NEW YORK >> About 39,000 Verizon landline and cable workers on the East Coast walked off the job Wednesday morning after little progress in negotiations since their contract expired nearly eight months ago.
The workers, members of two unions — the Communications Workers of America and the International Brotherhood of Electrical Workers — represent installers, customer service employees, repairmen and other service workers in Connecticut, Delaware, New York, New Jersey, Massachusetts, Pennsylvania, Rhode Island, Maryland, Virginia and Washington, D.C., for Verizon's wireline business, which provides fixed-line phone services and FiOS Internet service.
"We're on strike to maintain good jobs and maintain our standard of living," said Keith Purce, president of CWA Local 1101 which represents about 3,500 workers in Manhattan and the Bronx.
Standing on a picket line in Manhattan with hundreds of union workers, Purce said they were prepared to stay out "as long as it takes."
He said talks broke off last week and no new talks were scheduled.
Verizon spokesman Rich Young said the company was very disappointed that union leadership has called a strike. He said it has trained thousands of non-union workers to fill in for striking workers and "we will be there for our customers."
The workers' latest contract expired in August.
Between 300 and 400 union members walked a picket line outside the company's office in downtown Albany, where workers set up an inflatable "greedy pig" and rat, said Mike Panzerino, treasurer of CWA Local 1118.
"We're tired of fighting with the company," Panzerino said. "All we're asking for is a fair contract and they don't want to give it to us."
Another inflatable rat was on display outside a Verizon office in Livingston, New Jersey, where striking workers rallied Wednesday.
In Philadelphia, about a hundred striking workers took to the streets near the company's headquarters and chanted, "Scabs, go home!" at non-union replacement workers.
The unions say Verizon wants to freeze pensions, make layoffs easier and rely more on contract workers. The telecom giant has said there are health care issues that need to be addressed for retirees and current workers because medical costs have grown and the company also wants "greater flexibility" to manage its workers.
"The company is being very stubborn about certain issues that are really important to us," said Liz Null, a computer technician picketing in midtown Manhattan. "One that's very important to me is the fact that they want to freeze our pension after 30 years of service. I just can't believe that a company would penalize an older worker like that."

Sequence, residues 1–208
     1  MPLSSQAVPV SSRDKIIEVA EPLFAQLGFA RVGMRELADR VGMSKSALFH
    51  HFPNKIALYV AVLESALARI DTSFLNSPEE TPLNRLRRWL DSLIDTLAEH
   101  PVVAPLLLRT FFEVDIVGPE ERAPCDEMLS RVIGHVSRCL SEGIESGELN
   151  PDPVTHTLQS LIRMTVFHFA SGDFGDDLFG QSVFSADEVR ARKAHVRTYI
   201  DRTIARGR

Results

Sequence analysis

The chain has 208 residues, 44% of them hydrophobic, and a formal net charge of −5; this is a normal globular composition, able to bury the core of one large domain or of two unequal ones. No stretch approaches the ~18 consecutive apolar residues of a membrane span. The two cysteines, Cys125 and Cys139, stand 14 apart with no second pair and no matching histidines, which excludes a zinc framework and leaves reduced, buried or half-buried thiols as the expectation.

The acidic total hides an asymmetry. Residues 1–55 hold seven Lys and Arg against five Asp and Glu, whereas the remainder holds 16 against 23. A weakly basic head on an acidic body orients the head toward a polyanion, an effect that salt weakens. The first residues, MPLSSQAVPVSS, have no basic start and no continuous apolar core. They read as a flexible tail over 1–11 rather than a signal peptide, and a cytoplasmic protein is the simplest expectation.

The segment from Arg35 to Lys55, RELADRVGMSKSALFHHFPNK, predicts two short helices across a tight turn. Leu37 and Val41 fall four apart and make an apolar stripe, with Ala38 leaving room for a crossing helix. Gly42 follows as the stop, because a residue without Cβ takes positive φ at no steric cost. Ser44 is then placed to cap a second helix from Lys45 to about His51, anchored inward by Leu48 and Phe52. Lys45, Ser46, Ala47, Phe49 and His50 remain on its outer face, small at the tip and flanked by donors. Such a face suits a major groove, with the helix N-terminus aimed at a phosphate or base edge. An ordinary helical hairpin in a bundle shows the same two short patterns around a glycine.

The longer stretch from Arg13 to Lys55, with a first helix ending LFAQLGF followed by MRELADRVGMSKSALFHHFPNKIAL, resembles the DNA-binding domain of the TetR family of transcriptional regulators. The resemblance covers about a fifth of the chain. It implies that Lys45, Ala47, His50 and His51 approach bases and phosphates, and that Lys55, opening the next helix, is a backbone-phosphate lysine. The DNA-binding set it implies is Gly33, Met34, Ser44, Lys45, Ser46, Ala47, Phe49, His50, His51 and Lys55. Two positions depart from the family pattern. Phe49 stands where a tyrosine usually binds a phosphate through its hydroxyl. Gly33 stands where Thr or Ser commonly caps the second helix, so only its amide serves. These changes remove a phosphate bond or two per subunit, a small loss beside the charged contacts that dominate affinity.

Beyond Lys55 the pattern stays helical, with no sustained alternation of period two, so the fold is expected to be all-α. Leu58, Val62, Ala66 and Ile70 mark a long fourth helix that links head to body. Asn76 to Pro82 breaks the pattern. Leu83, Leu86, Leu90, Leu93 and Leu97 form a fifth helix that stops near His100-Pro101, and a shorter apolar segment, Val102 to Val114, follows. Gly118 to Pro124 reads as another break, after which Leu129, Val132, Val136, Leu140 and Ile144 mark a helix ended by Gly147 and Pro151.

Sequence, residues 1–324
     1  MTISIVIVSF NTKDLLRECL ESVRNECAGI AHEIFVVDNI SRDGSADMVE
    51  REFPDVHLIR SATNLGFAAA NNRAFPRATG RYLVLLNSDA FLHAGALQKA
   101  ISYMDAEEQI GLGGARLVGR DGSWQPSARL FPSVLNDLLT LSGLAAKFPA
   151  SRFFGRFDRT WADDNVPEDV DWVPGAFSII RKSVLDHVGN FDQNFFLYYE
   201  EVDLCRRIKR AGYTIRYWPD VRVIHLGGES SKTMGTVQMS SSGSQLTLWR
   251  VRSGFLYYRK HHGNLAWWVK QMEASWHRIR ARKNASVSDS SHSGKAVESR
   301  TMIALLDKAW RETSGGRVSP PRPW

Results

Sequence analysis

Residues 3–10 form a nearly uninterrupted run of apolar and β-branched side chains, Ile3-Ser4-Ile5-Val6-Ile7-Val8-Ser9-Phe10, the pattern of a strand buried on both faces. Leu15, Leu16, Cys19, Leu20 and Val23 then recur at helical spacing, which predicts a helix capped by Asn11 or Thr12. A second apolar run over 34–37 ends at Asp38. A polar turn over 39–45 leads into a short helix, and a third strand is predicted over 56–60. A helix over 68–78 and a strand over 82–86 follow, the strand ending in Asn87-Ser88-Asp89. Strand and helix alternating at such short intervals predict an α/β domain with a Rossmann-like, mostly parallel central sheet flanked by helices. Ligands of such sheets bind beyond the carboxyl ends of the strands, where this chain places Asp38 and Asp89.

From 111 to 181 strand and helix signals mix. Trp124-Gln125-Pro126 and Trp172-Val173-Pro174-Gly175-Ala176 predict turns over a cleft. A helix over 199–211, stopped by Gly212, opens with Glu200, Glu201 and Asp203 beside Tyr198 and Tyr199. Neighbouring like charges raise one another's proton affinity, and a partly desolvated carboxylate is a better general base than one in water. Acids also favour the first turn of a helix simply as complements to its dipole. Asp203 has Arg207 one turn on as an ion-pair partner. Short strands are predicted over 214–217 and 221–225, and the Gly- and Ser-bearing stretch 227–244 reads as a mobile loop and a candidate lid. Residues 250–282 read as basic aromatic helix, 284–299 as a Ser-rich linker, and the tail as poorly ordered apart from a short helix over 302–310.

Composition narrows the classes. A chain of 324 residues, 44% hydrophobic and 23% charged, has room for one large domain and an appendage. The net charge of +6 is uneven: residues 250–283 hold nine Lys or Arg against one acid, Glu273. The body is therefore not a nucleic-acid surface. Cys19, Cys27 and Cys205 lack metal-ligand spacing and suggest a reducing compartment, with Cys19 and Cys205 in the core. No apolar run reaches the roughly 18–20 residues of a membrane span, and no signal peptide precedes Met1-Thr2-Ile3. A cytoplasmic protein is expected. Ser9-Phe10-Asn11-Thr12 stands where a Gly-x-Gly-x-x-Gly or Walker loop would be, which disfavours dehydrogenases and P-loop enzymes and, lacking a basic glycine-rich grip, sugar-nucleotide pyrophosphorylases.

Verizon also is pushing to eliminate a rule that would prevent employees from working away from home for extended periods of time. In a television ad, the unions said the company was trying to "force employees to accept a contract sending their jobs to other parts of the country and even oversees."
"The main issues are job security and that they want to move workers miles and miles away," said Isaac Collazo, a Verizon employee who has worked replacing underground cables in New York City for nearly 19 years.
"We have a clause currently that they can't just lay anyone off willy nilly and they want to get rid of that," said Collazo, a single father of three children. "I feel if the company had the opportunity, they would just lay people off."
But Young said the unions' talk about offshoring jobs and cutting jobs is "absolute nonsense."
"These contracts have provisions that were put in place decades ago. ... They need to take a look at where the business stands in 2016," he added.
Verizon said in a statement Wednesday that it "has activated its business continuity plans as customer service remains the company's top priority."
In August 2011, about 45,000 Verizon workers went on strike for about two weeks.
Verizon Communications Inc. has a total workforce of more than 177,000 employees. In its statement, the company said it had been willing to participate in mediation if the unions extended their strike deadline, but that the unions instead called a strike.
Associated Press writers Ula Ilnytzky and Karen Matthews in New York, Shawn Marsh in Trenton, New Jersey, and Chris Carola in Albany, New York, contributed to this report.